Neither of them hesitate to
After all, if it wasn't for our marriage splitting up because I'm a lesbian, The Boy and his dad would have lived in the same house while he grew up. Surely that would have promoted a closer personal relationship and better on-going communication between them. Every family that remains together in a traditional familial unit produces wonderfully adjusted children and parents who all communicate honestly and openly, never a cross word or a hurt feeling between them.
That is the way it works, isn't it?
Yeah well. That's not really the way it works but I still feel responsible for their communication difficulties. Guilt and I go way back, oh yes yes we do.
Thankfully there's Wendy to chastise me for giving any real life to that premise. She reminds me how hard we worked to ensure The Boy and his father maintained close contact. It wasn't just us working hard. The entire family on both sides pitched in. Here is where I again give thanks for my family, immediate and extended. Our lives would be so much different without having had their support.
What's interesting now is to see how alike the two of them are, father and son. I think it may actually complicate communication because they respond the same way to injury, perceived or actual. They are both sensitive caring individuals yet oh so male.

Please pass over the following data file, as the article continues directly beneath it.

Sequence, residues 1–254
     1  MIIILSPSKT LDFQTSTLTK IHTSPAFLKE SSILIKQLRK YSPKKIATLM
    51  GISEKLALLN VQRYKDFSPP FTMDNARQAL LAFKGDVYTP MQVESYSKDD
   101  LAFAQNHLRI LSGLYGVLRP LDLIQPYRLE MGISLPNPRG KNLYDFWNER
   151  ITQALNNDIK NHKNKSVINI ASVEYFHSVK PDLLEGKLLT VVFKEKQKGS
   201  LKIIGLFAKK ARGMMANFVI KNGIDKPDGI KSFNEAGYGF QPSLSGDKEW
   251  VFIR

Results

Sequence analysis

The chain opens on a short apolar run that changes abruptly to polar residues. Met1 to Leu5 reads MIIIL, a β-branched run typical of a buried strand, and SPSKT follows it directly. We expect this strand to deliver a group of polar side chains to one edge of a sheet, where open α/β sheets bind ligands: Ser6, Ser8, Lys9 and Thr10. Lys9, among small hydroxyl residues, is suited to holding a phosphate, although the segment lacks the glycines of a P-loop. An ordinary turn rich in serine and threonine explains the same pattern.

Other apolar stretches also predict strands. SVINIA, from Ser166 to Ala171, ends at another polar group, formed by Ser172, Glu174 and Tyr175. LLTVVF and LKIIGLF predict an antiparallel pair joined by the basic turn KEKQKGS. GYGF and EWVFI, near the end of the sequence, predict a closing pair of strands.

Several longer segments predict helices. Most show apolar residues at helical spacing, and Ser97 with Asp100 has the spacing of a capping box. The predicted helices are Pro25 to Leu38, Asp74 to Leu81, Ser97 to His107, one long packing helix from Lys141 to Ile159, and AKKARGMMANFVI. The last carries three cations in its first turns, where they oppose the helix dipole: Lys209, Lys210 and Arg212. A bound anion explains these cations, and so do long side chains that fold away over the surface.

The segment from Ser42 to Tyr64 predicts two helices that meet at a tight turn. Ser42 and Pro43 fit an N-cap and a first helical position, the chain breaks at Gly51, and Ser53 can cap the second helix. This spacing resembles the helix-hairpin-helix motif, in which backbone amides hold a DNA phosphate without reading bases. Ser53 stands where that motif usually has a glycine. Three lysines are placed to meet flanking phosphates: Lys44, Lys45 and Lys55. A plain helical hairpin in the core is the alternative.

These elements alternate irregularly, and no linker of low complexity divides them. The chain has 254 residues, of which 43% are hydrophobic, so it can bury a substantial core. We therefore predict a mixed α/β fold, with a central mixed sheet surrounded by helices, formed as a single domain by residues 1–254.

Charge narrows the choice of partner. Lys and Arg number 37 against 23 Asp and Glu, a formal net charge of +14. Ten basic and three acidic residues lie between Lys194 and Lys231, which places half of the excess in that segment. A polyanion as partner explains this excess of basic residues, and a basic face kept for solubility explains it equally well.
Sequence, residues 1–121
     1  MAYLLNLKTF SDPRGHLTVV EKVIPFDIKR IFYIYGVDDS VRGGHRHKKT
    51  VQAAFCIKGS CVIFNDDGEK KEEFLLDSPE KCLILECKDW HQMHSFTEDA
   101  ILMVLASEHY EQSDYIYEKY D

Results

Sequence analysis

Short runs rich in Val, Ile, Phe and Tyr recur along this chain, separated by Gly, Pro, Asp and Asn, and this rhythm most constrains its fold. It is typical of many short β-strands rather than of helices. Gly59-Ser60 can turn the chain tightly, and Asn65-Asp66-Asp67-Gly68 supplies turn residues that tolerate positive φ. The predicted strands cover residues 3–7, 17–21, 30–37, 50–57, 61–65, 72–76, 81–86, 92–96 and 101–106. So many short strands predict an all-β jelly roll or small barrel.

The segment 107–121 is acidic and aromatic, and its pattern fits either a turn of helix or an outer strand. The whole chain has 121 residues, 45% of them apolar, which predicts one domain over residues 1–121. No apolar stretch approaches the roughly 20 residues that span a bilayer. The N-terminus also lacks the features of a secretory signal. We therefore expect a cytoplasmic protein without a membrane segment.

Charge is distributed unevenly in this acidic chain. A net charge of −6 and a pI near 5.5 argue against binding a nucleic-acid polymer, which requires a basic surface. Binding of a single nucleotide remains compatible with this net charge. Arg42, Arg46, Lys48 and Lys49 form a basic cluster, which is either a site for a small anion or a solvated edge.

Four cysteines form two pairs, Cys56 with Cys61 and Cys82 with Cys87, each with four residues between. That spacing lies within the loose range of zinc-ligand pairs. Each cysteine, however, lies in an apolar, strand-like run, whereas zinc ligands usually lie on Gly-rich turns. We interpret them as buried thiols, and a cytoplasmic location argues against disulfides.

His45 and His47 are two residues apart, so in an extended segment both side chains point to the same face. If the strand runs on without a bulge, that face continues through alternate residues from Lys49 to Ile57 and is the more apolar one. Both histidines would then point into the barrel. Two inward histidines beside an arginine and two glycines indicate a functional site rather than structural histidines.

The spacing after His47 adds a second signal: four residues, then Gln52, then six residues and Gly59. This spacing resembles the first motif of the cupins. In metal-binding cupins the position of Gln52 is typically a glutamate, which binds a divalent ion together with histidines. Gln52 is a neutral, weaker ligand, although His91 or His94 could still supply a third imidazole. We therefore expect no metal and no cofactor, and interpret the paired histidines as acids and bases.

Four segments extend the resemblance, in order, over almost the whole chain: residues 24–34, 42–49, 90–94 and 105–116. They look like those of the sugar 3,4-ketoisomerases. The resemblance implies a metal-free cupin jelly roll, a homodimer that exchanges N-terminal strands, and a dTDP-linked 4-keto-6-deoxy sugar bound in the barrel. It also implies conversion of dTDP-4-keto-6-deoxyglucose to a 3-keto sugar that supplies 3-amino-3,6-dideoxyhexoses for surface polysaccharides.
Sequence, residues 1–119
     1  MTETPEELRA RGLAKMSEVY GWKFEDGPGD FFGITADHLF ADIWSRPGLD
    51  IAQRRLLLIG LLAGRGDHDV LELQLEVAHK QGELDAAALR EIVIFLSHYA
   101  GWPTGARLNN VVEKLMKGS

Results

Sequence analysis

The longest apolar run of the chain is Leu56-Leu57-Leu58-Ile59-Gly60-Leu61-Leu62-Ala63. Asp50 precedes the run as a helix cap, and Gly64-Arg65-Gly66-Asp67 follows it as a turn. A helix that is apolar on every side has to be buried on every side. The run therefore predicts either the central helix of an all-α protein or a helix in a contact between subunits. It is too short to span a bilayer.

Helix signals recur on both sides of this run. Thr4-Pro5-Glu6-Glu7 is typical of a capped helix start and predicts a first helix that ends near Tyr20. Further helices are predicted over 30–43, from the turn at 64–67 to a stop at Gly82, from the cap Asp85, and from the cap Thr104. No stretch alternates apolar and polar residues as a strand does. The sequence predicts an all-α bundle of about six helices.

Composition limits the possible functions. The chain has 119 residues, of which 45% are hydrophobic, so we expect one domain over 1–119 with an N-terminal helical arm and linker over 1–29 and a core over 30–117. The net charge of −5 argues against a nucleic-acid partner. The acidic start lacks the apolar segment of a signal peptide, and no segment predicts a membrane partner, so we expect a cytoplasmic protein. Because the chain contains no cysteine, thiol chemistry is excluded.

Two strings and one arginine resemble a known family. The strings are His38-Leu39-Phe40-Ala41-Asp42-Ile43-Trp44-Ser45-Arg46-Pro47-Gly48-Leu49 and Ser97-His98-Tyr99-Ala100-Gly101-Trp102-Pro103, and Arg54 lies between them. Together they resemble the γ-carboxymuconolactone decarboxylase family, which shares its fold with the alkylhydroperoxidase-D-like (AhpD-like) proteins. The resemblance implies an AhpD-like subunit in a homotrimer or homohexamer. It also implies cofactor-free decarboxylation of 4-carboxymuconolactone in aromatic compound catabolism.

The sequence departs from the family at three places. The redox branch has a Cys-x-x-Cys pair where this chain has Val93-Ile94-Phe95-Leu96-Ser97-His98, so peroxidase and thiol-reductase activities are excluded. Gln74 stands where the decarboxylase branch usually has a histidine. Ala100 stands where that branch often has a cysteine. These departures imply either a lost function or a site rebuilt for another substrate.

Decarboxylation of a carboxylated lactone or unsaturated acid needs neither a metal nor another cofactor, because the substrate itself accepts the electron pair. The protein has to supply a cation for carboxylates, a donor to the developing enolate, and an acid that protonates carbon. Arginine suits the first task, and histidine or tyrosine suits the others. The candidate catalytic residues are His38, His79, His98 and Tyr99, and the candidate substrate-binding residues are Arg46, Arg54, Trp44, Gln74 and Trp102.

I like watching them together. The Boy towers over his dad, having gotten his height from my side of the family. He has my eyes, but his broad shoulders and wide feet reflect his father. The blonde in his hair is mine, but it grows on his chest in the same pattern as his dad's does. They look like bookends sitting next to one another playing guitar, the same set to their jaw and tilt of their head. Their gestures, speech patterns, sense of humor; there is just no mistaking the similarities. Oh and their handwriting! Their illegible scribbles are interchangeable. Genes are powerfully persuasive.
They so want to relate to each other better. I hear the frustration in both their voices. So I listen. And gently prod. I remind his dad to think back to when we were nineteen and of how different, how much more together, our boy is from who we were at that age. We talk about his own father and how the two of them related back then.
I advise The Boy to be honest, to share his feelings, that his dad will listen and understand. Then I cross my fingers, despite knowing that yes, his father will understand. A little insurance never hurts!
I feel like a therapist, while wishing I had one myself. But still. I'll be there for either of them if they need me and be grateful for the chance to be there at all. Some things are just worth the effort.